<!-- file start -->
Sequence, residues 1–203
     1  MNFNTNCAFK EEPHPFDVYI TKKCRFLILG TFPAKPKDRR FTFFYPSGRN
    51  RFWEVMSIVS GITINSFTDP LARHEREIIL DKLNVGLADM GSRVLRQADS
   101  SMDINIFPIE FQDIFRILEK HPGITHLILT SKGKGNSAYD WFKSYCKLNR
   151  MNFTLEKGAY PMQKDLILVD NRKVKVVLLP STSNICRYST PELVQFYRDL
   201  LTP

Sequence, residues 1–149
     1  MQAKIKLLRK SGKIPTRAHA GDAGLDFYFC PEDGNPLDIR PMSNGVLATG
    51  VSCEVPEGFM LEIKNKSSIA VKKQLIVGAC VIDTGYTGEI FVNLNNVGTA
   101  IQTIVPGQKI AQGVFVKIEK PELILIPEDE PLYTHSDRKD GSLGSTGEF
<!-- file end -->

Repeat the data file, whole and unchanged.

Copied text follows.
Sequence, residues 1–203
     1  MNFNTNCAFK EEPHPFDVYI TKKCRFLILG TFPAKPKDRR FTFFYPSGRN
    51  RFWEVMSIVS GITINSFTDP LARHEREIIL DKLNVGLADM GSRVLRQADS
   101  SMDINIFPIE FQDIFRILEK HPGITHLILT SKGKGNSAYD WFKSYCKLNR
   151  MNFTLEKGAY PMQKDLILVD NRKVKVVLLP STSNICRYST PELVQFYRDL
   201  LTP

Sequence, residues 1–149
     1  MQAKIKLLRK SGKIPTRAHA GDAGLDFYFC PEDGNPLDIR PMSNGVLATG
    51  VSCEVPEGFM LEIKNKSSIA VKKQLIVGAC VIDTGYTGEI FVNLNNVGTA
   101  IQTIVPGQKI AQGVFVKIEK PELILIPEDE PLYTHSDRKD GSLGSTGEF